This darling breed is well known and typically called a "Westie".
Originating in the highlands of Scotland, many breeds have the West Highland White Terrier blood line in them, all originating back to the early 1800's with each breed deriving their name from the areas of their origin. T
hese short-legged Scotland terriers are now known as the Scottish, Skye, Cairn, Dandie Dinmont, and West Highland White Terriers--and all were bred as small game hunters. Not raised as pets alone, each breed of terrier was a working dog and had a specific purpose-keeping vermin in control for the Scotland villages, coalmines, mills, farms, and homes. Zestful diggers and hunters as they were, flower gardens and vegetable patches today presents a challenge to these little hunters.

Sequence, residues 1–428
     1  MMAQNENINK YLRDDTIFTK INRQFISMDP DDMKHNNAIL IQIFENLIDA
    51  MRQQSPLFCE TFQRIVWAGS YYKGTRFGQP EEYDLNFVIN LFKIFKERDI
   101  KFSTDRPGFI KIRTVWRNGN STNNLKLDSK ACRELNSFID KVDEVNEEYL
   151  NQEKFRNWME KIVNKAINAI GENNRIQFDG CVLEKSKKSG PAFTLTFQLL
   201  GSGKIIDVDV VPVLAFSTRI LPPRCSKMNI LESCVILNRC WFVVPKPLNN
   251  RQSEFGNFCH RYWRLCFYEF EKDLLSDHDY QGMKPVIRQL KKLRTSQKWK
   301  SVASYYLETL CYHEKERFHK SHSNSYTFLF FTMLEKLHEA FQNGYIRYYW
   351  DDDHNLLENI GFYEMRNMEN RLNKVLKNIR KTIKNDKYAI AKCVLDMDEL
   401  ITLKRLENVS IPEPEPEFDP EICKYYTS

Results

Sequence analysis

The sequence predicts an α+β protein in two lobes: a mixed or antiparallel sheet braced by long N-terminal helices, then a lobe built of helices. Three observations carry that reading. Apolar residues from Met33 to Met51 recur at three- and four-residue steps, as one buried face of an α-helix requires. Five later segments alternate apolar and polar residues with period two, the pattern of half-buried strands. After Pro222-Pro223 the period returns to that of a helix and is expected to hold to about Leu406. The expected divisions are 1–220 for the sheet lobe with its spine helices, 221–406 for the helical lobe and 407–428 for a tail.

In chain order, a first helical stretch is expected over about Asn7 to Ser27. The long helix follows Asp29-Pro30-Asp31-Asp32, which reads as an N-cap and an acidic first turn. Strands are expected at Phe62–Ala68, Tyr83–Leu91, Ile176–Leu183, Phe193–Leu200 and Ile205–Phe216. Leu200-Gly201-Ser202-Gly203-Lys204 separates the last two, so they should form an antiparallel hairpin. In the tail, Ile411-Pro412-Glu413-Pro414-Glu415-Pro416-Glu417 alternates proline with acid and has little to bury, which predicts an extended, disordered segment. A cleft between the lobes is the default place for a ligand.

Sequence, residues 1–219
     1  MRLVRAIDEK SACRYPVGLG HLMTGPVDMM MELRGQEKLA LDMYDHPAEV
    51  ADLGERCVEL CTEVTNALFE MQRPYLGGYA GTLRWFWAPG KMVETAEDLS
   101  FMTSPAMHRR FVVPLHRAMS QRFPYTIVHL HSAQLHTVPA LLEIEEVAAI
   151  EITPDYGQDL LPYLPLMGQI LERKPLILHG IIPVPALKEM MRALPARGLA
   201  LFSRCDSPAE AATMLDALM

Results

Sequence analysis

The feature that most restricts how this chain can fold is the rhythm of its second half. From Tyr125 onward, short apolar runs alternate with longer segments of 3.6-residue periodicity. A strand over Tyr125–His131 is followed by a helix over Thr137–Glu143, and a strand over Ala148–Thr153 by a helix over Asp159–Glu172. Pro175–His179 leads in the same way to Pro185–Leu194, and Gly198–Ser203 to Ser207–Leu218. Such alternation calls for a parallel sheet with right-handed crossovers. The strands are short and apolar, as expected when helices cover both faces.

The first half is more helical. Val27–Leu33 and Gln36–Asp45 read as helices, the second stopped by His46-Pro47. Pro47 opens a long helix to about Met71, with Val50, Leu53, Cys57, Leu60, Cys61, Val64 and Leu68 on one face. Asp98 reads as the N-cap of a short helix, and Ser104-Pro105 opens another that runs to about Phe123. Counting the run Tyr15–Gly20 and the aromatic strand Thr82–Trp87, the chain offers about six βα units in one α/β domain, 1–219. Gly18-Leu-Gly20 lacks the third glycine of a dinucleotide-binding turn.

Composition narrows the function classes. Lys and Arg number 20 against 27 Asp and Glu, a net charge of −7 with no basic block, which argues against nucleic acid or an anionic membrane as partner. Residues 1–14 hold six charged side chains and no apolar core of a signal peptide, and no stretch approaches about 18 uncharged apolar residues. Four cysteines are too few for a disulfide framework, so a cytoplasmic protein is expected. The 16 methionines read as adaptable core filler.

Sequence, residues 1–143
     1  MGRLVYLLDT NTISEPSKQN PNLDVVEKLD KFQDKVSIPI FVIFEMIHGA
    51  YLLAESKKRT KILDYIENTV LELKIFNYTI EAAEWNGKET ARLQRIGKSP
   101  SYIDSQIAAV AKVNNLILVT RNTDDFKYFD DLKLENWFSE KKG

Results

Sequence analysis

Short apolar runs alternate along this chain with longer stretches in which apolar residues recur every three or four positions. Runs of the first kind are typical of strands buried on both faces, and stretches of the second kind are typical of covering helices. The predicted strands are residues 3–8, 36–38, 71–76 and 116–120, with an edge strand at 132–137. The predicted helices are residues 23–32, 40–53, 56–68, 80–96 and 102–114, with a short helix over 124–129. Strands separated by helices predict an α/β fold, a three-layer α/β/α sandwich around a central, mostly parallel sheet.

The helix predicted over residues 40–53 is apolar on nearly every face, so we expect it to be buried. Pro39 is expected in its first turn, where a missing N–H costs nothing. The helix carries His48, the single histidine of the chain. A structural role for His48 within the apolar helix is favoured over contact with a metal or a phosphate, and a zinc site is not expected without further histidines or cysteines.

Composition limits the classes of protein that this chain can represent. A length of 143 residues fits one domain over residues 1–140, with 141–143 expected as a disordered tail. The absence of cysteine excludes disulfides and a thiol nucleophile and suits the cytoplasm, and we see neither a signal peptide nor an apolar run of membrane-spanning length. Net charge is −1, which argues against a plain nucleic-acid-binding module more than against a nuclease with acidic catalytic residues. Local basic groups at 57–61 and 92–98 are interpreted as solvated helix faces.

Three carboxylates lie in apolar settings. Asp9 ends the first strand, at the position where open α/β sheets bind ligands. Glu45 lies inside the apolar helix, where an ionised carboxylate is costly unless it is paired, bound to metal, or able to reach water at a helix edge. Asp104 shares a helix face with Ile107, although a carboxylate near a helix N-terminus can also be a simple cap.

Originally these dogs had colors which ranged from red to cream, and cream to white. Because one of his red dogs were killed emerging from the hunt, Colonel Edward Donald Malcom, of Poltlloch, Argyllshire, Scotland, bred his hunting lines down to white because of that situation. This brought on the Poltlloch White Terrier, or eventually the West Highland White Terrier. Up until that time, all white terriers were killed immediately at birth.
In 1907, the Westie breed was listed as the West Highland White Terrier at the Crufts dog show in England. The name was derived from the rugged character of the terrier dog, and the area of which it was developed. In 1909, the West Highland White Terrier Club of America was founded as a member club of the American Kennel Club.